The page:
Japan’s space agency, JAXA, has successfully launched a spacecraft carrying a large magnetic tether designed to redirect space junk toward Earth’s atmosphere.
The cargo ship launched from Japan’s Tanegashima Space Center Dec. 9. The H-II Transfer Vehicle model — called “Kounotori,” Japanese for “white stork” — has been Japan’s go-to transport system, used to deliver food and equipment to the Japanese Experiment Module and the International Space Station.
The latest iteration, HTV6, is tasked with delivering a space junk-collecting tether to ISS.
“The launch vehicle flew as planned, and at approximately 15 minutes and 11 seconds after liftoff, the separation of HTV6 was confirmed,” JAXA reported in a news update.
Scientists estimate 100 million pieces of space junk are currently circling Earth. Most are quite small, but even a screw whizzing through space at high speed can do considerable damage to a satellite or space station. Japan’s tether technology is an attempt to address the growing and potentially dangerous mess of space debris.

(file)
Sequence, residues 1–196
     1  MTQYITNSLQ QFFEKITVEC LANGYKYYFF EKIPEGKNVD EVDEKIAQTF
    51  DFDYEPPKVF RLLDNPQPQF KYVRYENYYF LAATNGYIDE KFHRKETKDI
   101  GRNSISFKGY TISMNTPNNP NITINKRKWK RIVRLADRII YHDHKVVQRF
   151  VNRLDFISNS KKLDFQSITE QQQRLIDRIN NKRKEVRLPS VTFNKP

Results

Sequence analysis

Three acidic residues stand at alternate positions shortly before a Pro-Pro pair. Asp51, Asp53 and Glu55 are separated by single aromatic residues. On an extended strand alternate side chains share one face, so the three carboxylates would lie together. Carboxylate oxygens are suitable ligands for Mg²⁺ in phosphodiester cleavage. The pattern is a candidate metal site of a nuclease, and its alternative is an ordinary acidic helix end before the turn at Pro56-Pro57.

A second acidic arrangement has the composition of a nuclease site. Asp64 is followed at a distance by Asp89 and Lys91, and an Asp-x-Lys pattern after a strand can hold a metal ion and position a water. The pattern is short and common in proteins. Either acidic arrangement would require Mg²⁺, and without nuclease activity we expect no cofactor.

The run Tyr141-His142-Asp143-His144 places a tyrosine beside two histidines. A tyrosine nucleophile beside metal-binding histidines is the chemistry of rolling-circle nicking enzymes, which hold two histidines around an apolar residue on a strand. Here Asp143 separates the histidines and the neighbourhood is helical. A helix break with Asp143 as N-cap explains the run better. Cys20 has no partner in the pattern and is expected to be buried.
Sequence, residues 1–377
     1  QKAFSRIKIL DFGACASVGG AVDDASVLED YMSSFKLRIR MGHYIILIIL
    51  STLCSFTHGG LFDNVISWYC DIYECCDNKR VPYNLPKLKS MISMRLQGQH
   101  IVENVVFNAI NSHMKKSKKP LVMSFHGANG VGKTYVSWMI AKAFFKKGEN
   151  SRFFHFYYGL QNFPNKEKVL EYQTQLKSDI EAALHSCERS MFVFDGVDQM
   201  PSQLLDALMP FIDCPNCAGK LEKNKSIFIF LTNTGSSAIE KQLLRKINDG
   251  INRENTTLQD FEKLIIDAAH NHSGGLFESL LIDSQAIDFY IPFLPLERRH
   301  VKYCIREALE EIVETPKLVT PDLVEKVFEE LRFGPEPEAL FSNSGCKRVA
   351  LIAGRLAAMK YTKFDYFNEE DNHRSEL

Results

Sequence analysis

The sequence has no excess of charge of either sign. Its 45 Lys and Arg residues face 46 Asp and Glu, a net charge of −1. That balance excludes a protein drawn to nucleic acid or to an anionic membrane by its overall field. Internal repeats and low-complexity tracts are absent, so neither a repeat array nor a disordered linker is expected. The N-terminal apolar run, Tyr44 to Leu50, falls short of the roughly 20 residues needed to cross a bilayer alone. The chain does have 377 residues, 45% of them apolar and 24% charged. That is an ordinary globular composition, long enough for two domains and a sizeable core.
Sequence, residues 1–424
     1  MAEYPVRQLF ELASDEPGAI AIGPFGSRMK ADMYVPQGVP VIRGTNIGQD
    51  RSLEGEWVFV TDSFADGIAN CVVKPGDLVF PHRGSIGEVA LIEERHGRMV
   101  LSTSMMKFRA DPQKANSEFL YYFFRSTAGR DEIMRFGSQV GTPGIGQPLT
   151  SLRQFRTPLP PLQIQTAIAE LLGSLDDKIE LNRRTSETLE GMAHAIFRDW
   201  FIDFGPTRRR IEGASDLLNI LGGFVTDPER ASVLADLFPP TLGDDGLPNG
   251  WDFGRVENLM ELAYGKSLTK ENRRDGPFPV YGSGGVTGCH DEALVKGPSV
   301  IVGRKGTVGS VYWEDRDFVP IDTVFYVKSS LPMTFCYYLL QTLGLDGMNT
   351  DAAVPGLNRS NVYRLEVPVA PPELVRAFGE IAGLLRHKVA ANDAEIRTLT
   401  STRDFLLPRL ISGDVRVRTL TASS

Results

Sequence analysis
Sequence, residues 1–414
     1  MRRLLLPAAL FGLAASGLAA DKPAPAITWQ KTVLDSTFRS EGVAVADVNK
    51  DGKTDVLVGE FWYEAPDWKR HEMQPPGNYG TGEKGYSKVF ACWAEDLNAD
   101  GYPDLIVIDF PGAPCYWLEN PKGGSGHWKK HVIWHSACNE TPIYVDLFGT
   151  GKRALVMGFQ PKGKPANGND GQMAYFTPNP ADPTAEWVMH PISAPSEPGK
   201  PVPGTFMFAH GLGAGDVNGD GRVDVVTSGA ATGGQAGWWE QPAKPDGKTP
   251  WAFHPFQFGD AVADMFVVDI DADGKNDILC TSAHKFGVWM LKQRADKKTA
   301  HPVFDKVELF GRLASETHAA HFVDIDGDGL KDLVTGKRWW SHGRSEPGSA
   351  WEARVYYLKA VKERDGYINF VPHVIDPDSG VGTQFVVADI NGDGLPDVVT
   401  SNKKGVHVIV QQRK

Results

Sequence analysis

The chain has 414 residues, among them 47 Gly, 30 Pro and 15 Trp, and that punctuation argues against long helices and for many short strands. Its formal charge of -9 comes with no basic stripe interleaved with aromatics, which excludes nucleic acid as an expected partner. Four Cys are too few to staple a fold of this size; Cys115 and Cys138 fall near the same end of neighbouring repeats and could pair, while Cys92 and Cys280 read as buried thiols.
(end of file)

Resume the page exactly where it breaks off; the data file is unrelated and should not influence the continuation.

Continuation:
The electrodynamic tether consists of a net-like combination of thin stainless steel and aluminum wires. It was designed by JAXA engineers with the help of researchers from Nitto Seimo Co., a Japanese fishing net company.
The net-like tether will be extended from the space station by a robotic arm. It will generate a force strong enough to influence the orbital trajectory of space debris, directing pieces of junk toward Earth’s atmosphere where they will burn up.
Filed Under: Aerospace + defense